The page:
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Do you teach about World Water Day in your classroom?

World Water Day: The Role of Education in Promoting Freshwater Sustainability

March 20, 2024

World Water Day: The Role of Education in Promoting Freshwater Sustainability

Do you teach about the global water crisis? Learn about World Water Day and how to engage students in your classroom about water shortages and climate change.


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World Water Day, marked every March 22 by the United Nations, emphasizes the essential role of freshwater as a precious resource and the need for its sustainable management. World Water Day highlights water's significance in ecosystems, agriculture and human health, particularly stressing its importance to millions of people in underprivileged communities worldwide. Recognizing water as a cornerstone of life that's often overlooked, this observance links the global water crisis closely with human rights and climate change, urging global action.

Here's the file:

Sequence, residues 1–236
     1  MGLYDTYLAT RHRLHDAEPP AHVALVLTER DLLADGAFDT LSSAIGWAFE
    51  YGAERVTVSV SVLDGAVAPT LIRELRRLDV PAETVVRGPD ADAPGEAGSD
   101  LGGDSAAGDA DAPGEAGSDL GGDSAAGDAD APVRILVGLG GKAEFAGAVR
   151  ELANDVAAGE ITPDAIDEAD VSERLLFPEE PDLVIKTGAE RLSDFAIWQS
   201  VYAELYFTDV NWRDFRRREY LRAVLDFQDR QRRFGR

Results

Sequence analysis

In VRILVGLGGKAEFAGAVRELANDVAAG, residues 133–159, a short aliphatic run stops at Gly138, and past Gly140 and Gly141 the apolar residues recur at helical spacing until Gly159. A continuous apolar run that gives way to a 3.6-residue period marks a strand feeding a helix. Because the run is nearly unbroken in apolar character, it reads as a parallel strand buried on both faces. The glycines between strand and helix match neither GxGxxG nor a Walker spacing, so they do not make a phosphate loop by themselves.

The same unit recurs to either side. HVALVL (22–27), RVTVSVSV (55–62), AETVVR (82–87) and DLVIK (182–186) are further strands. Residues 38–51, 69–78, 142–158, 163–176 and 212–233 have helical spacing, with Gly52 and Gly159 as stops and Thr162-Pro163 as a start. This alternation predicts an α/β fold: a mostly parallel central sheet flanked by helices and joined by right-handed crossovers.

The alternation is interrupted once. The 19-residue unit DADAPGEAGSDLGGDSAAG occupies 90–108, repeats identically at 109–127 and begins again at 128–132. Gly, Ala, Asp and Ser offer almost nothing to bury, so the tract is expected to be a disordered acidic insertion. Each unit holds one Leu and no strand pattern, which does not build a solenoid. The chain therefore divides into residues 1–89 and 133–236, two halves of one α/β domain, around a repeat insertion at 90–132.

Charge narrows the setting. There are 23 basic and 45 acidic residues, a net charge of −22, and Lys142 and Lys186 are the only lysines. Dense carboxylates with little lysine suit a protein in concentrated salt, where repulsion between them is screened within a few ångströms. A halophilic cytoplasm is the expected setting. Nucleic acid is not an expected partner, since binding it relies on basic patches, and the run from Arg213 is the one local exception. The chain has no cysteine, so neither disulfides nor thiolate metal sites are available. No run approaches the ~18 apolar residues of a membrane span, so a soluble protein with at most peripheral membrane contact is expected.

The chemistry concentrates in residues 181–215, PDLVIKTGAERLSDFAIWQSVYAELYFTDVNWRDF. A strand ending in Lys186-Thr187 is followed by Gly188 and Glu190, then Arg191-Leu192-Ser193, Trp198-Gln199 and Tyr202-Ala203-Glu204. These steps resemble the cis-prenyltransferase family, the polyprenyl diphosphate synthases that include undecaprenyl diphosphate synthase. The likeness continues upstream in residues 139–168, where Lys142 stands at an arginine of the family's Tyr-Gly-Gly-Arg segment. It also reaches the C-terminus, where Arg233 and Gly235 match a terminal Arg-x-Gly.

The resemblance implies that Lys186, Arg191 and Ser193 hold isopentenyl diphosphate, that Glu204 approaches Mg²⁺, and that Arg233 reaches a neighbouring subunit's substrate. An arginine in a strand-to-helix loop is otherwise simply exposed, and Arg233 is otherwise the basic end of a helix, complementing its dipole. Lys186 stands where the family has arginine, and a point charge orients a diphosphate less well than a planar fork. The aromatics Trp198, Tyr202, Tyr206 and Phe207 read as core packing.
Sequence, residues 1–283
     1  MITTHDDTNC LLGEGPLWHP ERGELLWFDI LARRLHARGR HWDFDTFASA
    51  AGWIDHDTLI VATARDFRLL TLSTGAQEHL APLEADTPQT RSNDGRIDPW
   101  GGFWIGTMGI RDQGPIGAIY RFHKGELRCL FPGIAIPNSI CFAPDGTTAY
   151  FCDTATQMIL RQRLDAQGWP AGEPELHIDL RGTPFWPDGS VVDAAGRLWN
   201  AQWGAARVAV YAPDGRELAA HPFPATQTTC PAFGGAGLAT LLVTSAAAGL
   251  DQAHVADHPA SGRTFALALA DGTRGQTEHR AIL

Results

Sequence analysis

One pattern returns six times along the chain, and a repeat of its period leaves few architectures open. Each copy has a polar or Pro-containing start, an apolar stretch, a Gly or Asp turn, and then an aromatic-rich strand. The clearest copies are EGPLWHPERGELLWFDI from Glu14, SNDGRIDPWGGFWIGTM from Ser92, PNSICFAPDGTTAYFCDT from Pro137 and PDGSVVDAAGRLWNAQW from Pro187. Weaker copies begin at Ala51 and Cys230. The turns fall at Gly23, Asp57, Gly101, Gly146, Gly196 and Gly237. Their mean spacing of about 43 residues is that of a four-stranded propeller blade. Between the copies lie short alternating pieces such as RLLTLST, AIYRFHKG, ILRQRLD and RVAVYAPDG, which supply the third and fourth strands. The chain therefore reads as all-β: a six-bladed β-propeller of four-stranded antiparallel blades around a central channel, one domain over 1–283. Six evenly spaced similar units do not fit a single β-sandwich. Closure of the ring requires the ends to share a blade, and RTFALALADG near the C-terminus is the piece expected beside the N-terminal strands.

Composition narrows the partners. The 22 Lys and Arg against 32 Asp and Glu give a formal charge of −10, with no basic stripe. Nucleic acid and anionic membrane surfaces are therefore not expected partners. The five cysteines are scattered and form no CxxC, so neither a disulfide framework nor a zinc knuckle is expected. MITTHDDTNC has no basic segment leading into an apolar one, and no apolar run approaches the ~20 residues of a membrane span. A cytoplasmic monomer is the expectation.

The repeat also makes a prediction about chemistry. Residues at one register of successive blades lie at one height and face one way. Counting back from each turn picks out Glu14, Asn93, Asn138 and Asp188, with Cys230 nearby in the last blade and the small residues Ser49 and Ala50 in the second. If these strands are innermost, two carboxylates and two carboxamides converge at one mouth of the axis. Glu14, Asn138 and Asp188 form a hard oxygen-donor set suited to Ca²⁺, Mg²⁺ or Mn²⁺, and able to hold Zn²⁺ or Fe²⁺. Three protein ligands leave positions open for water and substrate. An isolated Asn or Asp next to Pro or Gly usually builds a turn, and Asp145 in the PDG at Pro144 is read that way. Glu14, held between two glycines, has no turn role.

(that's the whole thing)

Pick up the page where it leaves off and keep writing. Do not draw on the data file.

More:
The Global Water Crisis

What are some messages you can consider on World Water Day to raise awareness? This year's theme is "Water for Peace."

  • Water influences conflict. Water's role extends beyond just a resource; it can be a catalyst for peace or conflict, depending on its availability and management.
  • Water drives prosperity. Ensuring equitable access and fostering cooperation over water resources can contribute to global stability. Nations facing issues related to energy security, climate change, migration and unrest must prioritize water cooperation to ensure prosperity and to create peace.
  • Water resolves crises. Collaborative water use can pave the way out of crises, promoting harmony and peace between communities and across borders, from local actions to international agreements under the United Nations.
  • Water provides growth. The health of the public, the success of food and energy systems, socioeconomic development, and the preservation of environmental integrity are all deeply dependent on a well-managed and fair water cycle.